Construction Program Guide
Cost-plus-Time (A+B) Bidding
Cost-plus-time bidding, more commonly referred to as the A+B method, involves time, with an associated cost, in the low bid determination. Under the A+B method, each bid submitted consists of two components:
- The "A" component is the traditional bid for the contract items and is the dollar amount for all work to be performed under the contract.
- The "B" component is a "bid" of the total number of calendar days required to complete the project, as estimated by the bidder (Calendar days are used to avoid any potential for controversy which may arise if work days were used).
The bid for award consideration is based on a combination of the bid for the contract items and the associated cost of the time, according to the formula:
(A) + (B x Road User Cost / Day)
This formula is only used to determine the lowest bid for award and is not used to determine payment to the contractor.
A disincentive provision, that assesses road user costs, is incorporated into the contract to discourage the contractor from overrunning the time "bid" for the project. In addition, an incentive provision should be included to reward the contractor if the work is completed earlier than the time bid.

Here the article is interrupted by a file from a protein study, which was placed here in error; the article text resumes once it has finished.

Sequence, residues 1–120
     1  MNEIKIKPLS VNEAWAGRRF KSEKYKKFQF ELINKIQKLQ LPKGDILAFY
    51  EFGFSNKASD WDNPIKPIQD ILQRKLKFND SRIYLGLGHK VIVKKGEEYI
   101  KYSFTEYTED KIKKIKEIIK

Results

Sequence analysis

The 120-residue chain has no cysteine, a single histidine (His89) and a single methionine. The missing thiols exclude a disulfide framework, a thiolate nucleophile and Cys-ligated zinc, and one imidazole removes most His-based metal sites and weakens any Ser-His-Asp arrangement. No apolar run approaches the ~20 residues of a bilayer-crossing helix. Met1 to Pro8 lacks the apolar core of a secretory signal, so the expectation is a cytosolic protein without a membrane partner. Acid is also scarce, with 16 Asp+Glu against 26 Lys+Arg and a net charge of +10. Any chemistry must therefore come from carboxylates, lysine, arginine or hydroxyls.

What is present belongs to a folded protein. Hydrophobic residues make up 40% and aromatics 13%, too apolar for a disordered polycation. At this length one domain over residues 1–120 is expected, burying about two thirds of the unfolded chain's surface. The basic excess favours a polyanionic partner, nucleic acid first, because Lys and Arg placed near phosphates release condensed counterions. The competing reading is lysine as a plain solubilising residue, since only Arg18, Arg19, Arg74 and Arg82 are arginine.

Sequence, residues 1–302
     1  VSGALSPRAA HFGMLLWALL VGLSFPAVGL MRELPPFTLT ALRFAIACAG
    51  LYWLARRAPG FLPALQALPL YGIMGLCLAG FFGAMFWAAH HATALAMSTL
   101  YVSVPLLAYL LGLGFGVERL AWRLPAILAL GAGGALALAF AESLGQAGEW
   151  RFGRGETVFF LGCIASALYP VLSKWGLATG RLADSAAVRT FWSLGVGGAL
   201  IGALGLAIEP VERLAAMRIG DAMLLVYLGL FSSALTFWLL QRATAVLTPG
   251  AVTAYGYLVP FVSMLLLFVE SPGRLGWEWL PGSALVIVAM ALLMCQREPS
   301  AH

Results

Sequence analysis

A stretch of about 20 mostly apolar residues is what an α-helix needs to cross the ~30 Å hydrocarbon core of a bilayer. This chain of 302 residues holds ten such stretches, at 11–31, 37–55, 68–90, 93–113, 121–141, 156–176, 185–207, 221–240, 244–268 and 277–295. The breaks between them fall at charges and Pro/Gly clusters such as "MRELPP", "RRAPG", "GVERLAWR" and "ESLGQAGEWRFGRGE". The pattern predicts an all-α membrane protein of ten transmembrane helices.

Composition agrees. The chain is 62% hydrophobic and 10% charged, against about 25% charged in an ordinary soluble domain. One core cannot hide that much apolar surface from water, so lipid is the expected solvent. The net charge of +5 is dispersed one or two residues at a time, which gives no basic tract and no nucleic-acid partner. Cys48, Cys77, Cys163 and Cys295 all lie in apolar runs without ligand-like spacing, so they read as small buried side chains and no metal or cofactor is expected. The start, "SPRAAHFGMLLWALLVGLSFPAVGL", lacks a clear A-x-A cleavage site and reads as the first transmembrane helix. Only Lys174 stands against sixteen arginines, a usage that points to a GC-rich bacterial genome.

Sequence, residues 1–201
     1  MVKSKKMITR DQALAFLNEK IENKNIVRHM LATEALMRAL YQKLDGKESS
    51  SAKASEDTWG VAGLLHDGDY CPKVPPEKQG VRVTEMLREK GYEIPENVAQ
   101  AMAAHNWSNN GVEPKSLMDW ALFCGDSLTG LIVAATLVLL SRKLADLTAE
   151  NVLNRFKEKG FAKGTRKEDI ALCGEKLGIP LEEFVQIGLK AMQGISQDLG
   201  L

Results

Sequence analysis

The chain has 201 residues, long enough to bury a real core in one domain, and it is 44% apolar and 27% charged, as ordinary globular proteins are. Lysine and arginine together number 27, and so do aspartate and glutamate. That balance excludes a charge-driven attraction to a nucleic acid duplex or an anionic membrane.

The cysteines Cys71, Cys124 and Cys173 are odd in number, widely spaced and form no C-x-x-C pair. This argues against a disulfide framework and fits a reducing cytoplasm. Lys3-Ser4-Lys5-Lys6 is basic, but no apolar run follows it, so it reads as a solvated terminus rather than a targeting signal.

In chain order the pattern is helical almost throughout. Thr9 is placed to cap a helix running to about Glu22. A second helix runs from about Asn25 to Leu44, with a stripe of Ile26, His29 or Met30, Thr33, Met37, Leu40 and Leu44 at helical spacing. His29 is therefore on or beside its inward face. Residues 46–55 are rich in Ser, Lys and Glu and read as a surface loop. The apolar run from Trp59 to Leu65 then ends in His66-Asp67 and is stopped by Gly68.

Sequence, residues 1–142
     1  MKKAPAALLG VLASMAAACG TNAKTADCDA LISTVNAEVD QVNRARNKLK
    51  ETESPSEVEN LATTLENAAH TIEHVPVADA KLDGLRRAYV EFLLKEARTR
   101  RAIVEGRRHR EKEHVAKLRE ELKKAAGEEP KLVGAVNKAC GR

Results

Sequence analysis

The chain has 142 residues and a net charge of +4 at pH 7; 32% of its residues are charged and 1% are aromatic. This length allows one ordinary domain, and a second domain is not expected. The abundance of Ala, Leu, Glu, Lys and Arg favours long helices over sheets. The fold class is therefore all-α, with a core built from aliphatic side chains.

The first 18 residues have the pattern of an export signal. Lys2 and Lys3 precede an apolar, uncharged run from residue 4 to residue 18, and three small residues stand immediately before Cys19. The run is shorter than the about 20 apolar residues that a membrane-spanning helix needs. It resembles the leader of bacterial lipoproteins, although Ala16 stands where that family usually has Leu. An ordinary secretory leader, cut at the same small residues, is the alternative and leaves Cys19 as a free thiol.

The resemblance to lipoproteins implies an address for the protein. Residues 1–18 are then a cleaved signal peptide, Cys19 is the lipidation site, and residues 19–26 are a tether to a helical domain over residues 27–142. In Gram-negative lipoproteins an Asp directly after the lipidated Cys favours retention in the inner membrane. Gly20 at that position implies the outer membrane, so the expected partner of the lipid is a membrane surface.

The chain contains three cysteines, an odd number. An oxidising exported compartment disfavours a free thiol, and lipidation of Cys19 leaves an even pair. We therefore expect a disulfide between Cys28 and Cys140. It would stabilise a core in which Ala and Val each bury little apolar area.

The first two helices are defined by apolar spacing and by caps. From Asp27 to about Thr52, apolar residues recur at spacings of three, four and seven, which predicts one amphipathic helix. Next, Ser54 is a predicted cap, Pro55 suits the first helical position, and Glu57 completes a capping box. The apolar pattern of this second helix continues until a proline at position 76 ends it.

For critical projects that have high road user delay impacts, the A+B Method can be an effective technique to significantly reduce these impacts. A significant number of States have chosen to use and evaluate this innovative method of contracting. After a five-year evaluation period, A+B bidding was declared operational on May 4, 1995 and is no longer considered to be experimental.
- 23 USC 112 Letting of Contracts (2015)
- 23 USC 502 Surface transportation research, development, and technology (2012)
- Innovative Contracting Practices Initiative and Special Experimental Project No. 14 (02/13/1990)
- Section III.B.8.c.iv.b) 1) of the FHWA Contract Administration Core Curriculum Manual summarizes the FHWA's policies and provides general guidance on the use of Cost-Plus-Time Bidding
- Transportation Research Circular 386, "Innovative Contracting Practices" (1991)
- AASHTO Primer on Contracting for the Twentyâ€“First Century, Fifth Edition, 2006